Deutsche Bahn and SNCF are planning a fast direct connection between Berlin and Paris. In addition, the high-speed ICE and TGV trains between Frankfurt and Stuttgart and Paris, which started 15 years ago, are to be expanded, both railways announced on Tuesday in Strasbourg.

There are also talks about other high-speed connections from Germany to southern France. The railway bosses of both countries, DB CEO Richard Lutz, and SNCF President Jean-Pierre Farandou, signed an agreement to expand the connections.

“The high-speed traffic between Germany and France is an outstanding example of how attractive connections promote cross-border traffic on the rails,” said DB boss Lutz. “Our planned new direct connection between the hearts of our two capitals will inspire even more people to travel by train.”

The new connection is scheduled to start at the end of 2023 or in the course of 2024. The future travel time from Berlin via Frankfurt and Strasbourg to Paris should be around seven hours. In 2021, half of the travelers between Frankfurt and Paris would have opted for the train instead of the plane, the railways said. According to traveler data, there were even nine out of ten travelers between Stuttgart and Paris.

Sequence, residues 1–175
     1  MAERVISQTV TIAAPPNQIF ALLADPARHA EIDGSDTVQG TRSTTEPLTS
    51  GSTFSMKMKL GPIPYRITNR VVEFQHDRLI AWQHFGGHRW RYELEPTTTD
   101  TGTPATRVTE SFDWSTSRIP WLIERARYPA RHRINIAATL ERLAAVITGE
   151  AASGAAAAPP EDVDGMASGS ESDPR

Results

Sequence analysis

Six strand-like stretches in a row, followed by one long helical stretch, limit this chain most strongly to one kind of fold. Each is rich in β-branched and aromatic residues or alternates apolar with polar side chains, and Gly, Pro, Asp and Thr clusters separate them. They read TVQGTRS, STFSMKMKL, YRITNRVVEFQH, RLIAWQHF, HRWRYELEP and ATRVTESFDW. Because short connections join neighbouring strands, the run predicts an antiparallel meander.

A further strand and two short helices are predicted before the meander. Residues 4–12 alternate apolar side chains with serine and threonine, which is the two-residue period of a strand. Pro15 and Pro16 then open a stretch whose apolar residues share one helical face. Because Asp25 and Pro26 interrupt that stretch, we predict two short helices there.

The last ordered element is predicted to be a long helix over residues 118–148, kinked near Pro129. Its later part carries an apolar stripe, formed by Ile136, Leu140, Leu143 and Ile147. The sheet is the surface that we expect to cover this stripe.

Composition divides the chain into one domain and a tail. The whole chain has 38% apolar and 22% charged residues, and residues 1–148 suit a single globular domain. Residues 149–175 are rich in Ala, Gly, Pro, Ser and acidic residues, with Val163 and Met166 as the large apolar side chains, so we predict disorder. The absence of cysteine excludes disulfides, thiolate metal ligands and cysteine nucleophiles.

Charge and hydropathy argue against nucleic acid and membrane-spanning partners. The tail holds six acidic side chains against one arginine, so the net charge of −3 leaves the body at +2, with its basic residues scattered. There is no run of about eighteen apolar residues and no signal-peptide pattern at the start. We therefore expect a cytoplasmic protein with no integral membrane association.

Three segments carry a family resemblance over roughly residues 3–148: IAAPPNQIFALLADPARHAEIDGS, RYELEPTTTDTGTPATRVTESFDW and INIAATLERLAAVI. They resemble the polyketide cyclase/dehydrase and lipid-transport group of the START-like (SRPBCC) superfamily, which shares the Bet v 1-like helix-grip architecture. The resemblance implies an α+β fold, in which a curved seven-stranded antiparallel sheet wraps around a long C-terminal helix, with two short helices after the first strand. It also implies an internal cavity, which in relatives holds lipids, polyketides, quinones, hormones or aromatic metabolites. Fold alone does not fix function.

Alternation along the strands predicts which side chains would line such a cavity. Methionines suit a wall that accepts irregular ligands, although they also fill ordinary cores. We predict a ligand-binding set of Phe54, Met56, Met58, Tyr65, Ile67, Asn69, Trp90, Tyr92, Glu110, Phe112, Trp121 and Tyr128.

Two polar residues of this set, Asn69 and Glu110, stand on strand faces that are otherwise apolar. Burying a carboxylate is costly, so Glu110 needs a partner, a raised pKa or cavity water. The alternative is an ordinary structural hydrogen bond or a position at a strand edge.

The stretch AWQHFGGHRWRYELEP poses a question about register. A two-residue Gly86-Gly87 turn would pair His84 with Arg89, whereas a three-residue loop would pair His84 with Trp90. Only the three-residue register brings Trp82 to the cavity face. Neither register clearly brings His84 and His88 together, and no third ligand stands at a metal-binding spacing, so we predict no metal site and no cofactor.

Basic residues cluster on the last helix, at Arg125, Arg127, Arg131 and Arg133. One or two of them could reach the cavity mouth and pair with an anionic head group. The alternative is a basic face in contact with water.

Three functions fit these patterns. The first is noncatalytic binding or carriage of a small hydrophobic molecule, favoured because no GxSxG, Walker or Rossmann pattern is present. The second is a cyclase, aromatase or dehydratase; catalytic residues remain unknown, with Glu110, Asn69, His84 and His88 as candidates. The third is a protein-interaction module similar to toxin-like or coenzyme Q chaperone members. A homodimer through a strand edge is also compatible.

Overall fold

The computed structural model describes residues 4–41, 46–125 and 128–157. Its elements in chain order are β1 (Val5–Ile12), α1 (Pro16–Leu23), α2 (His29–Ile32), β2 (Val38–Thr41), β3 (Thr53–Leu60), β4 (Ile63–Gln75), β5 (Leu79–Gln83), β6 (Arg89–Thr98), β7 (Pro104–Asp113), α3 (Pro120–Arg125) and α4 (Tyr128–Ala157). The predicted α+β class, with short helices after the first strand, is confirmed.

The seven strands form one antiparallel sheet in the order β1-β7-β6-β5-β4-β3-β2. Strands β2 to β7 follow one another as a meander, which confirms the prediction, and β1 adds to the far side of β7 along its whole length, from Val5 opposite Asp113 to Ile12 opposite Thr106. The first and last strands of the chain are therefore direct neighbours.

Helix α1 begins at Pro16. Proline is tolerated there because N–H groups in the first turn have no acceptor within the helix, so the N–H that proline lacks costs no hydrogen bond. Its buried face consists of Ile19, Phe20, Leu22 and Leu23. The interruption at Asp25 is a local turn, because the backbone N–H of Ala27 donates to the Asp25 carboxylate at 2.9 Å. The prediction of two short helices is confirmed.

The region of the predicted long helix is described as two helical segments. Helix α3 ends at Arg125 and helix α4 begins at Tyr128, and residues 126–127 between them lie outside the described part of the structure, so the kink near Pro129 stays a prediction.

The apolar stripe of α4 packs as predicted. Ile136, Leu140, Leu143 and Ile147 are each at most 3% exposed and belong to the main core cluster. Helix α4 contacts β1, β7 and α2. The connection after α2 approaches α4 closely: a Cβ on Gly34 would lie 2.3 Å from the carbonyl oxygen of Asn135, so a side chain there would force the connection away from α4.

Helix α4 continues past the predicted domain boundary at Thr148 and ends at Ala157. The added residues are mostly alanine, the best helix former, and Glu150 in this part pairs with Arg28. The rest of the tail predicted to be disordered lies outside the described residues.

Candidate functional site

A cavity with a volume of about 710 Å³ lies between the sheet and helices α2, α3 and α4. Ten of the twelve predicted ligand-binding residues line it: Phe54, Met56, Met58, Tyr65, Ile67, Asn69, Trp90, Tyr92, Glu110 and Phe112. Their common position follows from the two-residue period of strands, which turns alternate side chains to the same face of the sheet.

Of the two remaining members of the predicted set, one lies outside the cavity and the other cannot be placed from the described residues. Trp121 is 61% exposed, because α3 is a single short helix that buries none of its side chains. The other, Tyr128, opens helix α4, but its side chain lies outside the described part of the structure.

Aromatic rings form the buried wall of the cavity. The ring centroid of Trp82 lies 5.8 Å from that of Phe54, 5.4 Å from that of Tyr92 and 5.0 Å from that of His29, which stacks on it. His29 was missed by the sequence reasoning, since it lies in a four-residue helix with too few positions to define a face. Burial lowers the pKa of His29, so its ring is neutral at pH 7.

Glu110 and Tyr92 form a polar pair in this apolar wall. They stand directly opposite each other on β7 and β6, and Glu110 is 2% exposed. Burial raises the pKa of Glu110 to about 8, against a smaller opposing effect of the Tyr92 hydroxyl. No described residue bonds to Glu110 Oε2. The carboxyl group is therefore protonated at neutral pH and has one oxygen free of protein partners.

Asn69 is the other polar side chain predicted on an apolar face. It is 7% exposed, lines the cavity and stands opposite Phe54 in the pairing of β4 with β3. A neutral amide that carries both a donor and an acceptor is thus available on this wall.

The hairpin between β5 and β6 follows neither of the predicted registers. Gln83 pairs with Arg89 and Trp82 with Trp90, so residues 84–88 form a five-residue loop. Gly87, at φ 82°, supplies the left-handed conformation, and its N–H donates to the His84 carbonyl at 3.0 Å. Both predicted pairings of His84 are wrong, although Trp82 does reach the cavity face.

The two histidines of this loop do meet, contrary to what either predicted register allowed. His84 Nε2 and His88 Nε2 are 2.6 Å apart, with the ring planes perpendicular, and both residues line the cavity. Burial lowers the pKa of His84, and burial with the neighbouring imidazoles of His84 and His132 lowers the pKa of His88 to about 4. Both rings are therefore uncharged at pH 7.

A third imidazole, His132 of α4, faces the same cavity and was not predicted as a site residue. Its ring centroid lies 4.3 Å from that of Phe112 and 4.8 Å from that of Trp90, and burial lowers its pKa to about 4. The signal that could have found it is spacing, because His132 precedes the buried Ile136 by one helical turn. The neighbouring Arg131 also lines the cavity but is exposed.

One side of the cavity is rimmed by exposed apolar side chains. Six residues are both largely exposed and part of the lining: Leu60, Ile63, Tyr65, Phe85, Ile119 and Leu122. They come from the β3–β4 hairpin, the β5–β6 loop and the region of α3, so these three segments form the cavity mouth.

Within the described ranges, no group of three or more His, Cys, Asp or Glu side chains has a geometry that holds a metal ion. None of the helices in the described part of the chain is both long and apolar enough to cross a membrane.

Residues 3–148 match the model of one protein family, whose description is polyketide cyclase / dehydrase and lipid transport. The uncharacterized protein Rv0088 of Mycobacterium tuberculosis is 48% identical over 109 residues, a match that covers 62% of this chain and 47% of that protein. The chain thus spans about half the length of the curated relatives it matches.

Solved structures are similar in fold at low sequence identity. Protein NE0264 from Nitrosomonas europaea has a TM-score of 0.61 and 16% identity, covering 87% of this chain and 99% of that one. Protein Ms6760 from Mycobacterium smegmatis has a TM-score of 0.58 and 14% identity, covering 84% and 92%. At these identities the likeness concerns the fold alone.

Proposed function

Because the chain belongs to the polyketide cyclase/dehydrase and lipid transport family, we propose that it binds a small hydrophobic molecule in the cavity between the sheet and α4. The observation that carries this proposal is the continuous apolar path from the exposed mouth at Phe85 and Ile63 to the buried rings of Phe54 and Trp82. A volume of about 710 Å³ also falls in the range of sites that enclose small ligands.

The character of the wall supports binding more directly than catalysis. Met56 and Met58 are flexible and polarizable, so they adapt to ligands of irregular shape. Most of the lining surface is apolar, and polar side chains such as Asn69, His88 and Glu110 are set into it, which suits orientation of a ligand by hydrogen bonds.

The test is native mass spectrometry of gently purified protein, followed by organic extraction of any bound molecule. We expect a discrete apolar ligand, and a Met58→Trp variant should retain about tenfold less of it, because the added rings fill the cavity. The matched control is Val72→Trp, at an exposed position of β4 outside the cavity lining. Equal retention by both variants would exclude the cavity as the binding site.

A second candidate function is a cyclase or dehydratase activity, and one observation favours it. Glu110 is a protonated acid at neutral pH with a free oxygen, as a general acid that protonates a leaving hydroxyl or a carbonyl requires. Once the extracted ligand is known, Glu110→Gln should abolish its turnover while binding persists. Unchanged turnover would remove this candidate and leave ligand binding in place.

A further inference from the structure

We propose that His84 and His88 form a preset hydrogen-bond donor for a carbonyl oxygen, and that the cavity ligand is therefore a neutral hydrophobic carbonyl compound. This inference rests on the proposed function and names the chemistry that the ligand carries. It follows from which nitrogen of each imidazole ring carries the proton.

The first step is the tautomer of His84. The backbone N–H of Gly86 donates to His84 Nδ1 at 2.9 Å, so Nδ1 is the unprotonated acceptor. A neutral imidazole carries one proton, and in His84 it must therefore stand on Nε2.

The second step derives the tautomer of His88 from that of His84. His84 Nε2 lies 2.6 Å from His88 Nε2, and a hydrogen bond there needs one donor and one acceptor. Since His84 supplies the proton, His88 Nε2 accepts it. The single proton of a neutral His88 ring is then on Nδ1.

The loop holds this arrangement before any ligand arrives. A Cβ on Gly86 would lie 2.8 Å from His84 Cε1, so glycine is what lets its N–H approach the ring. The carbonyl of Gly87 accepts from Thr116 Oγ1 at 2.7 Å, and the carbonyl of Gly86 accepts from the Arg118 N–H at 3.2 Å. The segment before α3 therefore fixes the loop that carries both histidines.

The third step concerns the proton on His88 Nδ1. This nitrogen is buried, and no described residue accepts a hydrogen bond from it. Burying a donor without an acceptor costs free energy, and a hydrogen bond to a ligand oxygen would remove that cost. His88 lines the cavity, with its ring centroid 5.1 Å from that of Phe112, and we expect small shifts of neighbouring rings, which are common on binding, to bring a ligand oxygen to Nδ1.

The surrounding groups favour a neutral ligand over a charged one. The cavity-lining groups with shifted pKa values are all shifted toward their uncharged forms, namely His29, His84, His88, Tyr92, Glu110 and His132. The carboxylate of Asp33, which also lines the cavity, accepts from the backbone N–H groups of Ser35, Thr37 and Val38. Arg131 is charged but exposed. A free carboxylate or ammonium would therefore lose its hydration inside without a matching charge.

So far, there are six times a day from Frankfurt to Paris, four times via Kaiserslautern and Saarbrücken, twice via Karlsruhe and Strasbourg. Five trains commute between Stuttgart, Karlsruhe, Strasbourg and Paris. The TGV Frankfurt-Marseille runs once a day. The railways have not yet been able to say how many additional trains will be on which routes in the future.

The expansion of the Saarbrücken-Ludwigshafen route is expected to be completed by 2025, which will enable shorter travel times on the route. The connection from Cologne to Paris, on which trains run exclusively by the SNCF subsidiary Thalys, remains excluded from the German-French high-speed traffic.

Special tickets are required for these express trains. An integration into the tariff system of DB and SNCF in cross-border traffic is not planned, it said. Significant improvements are also planned from the end of 2024 in regional transport between the French border region and Rhineland-Palatinate, Saarland and Baden-Württemberg.